UK diy (uk.d-i-y) For the discussion of all topics related to diy (do-it-yourself) in the UK. All levels of experience and proficency are welcome to join in to ask questions or offer solutions.

Reply
 
LinkBack Thread Tools Search this Thread Display Modes
  #1   Report Post  
Old June 13th 19, 01:51 PM posted to uk.d-i-y
external usenet poster
 
First recorded activity by DIYBanter: Oct 2015
Posts: 2,129
Default OT: Firewood splitting/burning qualities questions


Since we got our log burner and my chainsaw I’ve developed a bit of a
serious “hunter-gather” habit.

Earlier this week I got some nice freshly cut oak to add to my collection
that was easy to split, possibly because of its “greenness”. Yesterday I
found a large bough from an ash tree (that’s been down for an indeterminate
time).

The wood still feels quite moist (and 35% humidity on my cheap meter for
whatever that’s worth) but it’s a ******* to split! Out of all the wood
I’ve collected it’s been the hardest so far which was a bit of a surprise
to me. It just laughs at my log splitting axe! (These are 14-18” diameter
slices). Is this typical for ash? Might not bother collecting too much
more of it if it’s all gonna be so tough.

As an aside, it’s often said that green ash still burns well. I’ve no
intention of burning it before it’s a lot drier but I’m curious as to why
it has this reputation/property.

Regarding wood types, I’ve avoided collecting any softwoods but are there
any softwoods that are okay to burn in a log burner (which won’t clag up
the chimney with creosote)? Lastly, is there any easy way to identify soft
vs hard if you come across a felled tree with no branches or leaves to aid
identification, I.e. when you only have the bark and wood to go on?

Tim

--
Please don't feed the trolls

  #2   Report Post  
Old June 13th 19, 02:09 PM posted to uk.d-i-y
external usenet poster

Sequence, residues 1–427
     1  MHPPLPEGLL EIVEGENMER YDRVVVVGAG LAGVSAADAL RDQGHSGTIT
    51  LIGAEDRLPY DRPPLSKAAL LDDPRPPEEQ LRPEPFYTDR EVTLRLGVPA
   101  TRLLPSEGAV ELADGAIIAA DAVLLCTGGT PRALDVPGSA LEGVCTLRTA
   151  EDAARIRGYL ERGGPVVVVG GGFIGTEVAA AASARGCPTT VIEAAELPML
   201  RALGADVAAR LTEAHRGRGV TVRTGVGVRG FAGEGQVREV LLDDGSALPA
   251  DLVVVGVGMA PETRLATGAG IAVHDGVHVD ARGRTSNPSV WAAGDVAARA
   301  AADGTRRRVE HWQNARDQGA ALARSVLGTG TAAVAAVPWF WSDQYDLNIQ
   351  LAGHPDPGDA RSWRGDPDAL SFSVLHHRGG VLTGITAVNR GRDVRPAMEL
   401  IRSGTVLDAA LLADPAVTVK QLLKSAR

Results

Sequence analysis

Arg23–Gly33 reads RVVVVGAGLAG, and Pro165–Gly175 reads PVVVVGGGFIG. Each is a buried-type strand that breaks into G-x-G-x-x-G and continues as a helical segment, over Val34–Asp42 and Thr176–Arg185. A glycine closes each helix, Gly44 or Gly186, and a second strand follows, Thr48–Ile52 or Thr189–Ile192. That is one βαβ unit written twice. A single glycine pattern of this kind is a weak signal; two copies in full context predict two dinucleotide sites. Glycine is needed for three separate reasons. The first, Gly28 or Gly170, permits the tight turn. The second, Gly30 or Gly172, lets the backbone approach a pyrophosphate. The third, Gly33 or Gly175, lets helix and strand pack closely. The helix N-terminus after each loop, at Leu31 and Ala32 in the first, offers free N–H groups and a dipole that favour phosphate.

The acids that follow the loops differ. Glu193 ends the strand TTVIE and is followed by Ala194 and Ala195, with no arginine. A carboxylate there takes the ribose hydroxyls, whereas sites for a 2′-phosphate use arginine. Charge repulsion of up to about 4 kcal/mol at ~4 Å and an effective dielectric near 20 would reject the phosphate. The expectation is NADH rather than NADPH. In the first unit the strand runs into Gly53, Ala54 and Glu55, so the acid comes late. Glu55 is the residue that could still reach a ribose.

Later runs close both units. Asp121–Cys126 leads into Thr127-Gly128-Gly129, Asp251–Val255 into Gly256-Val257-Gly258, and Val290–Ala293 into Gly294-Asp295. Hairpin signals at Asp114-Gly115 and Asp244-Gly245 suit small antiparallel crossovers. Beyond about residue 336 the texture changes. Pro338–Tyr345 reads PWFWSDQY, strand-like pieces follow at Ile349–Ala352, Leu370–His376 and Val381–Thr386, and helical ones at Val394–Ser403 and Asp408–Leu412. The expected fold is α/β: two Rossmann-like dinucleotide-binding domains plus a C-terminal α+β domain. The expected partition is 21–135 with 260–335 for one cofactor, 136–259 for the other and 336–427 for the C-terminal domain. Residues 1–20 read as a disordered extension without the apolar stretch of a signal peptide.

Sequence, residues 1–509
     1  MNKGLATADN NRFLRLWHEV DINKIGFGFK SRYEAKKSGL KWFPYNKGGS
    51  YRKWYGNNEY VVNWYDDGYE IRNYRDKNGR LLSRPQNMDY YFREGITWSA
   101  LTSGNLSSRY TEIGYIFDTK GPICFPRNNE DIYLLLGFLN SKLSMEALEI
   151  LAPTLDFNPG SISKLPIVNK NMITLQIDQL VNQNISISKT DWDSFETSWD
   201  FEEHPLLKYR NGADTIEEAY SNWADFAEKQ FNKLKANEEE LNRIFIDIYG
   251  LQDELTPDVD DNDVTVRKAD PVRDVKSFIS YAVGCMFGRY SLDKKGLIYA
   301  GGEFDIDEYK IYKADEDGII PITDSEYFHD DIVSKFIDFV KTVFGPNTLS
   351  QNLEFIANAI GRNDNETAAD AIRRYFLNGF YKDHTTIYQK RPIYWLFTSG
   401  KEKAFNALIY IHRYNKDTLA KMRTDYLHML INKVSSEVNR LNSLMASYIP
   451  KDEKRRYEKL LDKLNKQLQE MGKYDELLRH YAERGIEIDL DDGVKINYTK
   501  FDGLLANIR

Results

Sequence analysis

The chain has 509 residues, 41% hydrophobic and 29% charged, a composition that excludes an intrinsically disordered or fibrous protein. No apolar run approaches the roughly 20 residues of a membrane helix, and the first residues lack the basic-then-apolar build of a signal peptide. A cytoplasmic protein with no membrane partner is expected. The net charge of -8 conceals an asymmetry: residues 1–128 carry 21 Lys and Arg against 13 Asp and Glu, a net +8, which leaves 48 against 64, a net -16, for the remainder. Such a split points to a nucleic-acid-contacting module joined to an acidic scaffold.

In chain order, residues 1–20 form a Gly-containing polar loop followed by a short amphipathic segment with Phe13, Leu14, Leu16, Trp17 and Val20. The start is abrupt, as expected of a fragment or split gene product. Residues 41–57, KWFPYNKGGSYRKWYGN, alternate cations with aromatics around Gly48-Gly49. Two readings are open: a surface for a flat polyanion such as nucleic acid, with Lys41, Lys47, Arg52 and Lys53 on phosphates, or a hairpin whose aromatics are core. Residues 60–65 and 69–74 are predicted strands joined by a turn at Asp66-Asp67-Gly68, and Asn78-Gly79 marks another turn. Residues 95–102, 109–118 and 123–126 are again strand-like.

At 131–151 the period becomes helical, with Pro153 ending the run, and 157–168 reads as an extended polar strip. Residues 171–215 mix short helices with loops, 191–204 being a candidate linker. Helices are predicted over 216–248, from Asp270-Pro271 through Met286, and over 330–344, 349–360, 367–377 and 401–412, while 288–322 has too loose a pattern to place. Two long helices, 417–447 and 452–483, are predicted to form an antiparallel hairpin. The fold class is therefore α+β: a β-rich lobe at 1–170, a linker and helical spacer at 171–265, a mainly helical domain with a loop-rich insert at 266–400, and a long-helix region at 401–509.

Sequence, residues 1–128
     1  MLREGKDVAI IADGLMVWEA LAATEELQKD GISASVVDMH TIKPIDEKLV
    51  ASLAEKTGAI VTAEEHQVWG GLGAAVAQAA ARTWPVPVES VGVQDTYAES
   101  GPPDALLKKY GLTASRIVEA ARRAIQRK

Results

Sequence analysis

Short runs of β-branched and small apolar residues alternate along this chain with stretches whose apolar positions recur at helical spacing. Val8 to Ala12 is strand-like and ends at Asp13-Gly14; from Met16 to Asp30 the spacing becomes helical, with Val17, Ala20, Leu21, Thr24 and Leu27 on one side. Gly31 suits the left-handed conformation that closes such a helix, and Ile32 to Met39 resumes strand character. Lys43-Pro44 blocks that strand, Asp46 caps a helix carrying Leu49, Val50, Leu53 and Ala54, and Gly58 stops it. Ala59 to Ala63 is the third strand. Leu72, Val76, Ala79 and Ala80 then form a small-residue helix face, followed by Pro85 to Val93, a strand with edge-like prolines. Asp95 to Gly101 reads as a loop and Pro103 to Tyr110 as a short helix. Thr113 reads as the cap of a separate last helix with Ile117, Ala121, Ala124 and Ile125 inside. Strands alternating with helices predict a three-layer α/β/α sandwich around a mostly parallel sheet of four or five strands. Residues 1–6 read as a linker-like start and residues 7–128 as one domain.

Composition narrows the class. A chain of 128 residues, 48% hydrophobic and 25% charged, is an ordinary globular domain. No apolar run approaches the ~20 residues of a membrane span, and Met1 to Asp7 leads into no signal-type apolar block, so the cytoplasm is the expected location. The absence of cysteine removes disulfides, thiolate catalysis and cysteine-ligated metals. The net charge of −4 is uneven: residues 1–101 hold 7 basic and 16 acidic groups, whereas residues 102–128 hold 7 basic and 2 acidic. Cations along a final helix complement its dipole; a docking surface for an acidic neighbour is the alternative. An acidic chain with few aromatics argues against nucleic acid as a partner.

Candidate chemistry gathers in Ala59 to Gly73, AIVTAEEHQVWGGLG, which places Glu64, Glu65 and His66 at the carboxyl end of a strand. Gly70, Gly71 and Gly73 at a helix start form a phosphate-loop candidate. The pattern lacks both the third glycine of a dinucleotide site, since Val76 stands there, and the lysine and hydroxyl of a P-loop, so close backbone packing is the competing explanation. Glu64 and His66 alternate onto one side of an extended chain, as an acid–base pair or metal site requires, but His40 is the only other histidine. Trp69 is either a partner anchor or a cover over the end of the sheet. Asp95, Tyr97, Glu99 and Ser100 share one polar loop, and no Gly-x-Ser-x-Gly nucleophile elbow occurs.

First recorded activity by DIYBanter: Jul 2006
Posts: 8,422
Default OT: Firewood splitting/burning qualities questions

On 13 Jun 2019 12:51:57 GMT, Tim+ wrote:


Since we got our log burner and my chainsaw Ive developed a bit of a
serious hunter-gather habit.


It can get you like that eh. ;-)

Earlier this week I got some nice freshly cut oak to add to my collection
that was easy to split, possibly because of its greenness. Yesterday I
found a large bough from an ash tree (thats been down for an indeterminate
time).

The wood still feels quite moist (and 35% humidity on my cheap meter for
whatever thats worth) but its a ******* to split! Out of all the wood
Ive collected its been the hardest so far which was a bit of a surprise
to me. It just laughs at my log splitting axe! (These are 14-18 diameter
slices). Is this typical for ash? Might not bother collecting too much
more of it if its all gonna be so tough.


(Because of it's good burning characteristics) I've split quite a bit
of ash but have used a hydraulic (manual) splitter and not split much
else (esp oak) to compare it with. On my splitter I'd say that clean /
straight lengths of ash seem to split fairly easily?

As an aside, its often said that green ash still burns well. Ive no
intention of burning it before its a lot drier but Im curious as to why
it has this reputation/property.


Re the reputation, because you *can* burn it green (saves waiting for
it to season)?

Regarding wood types, Ive avoided collecting any softwoods but are there
any softwoods that are okay to burn in a log burner (which wont clag up
the chimney with creosote)?


Pass.

Lastly, is there any easy way to identify soft
vs hard if you come across a felled tree with no branches or leaves to aid
identification, I.e. when you only have the bark and wood to go on?


I'll ask our daughter. She and her b/f at the time went to a *big* arb
show up near Peterborough and one of the stands had a 'guess the
species' display / competition, with several bits of tree, allowing
you to see the end grain and bark (and sometimes a leaf). They
carefully filled in an entry and put it in the box ... and checked at
the end and were told they had won. ;-)

Cheers, T i m
  #3   Report Post  
Old June 13th 19, 02:09 PM posted to uk.d-i-y
external usenet poster
 
First recorded activity by DIYBanter: Sep 2012
Posts: 530
Default OT: Firewood splitting/burning qualities questions

On 13/06/2019 13:51, Tim+ wrote:

Since we got our log burner and my chainsaw I’ve developed a bit of a
serious “hunter-gather” habit.

Earlier this week I got some nice freshly cut oak to add to my collection
that was easy to split, possibly because of its “greenness”. Yesterday I
found a large bough from an ash tree (that’s been down for an indeterminate
time).

The wood still feels quite moist (and 35% humidity on my cheap meter for
whatever that’s worth) but it’s a ******* to split! Out of all the wood
I’ve collected it’s been the hardest so far which was a bit of a surprise
to me. It just laughs at my log splitting axe! (These are 14-18” diameter
slices). Is this typical for ash? Might not bother collecting too much
more of it if it’s all gonna be so tough.

As an aside, it’s often said that green ash still burns well. I’ve no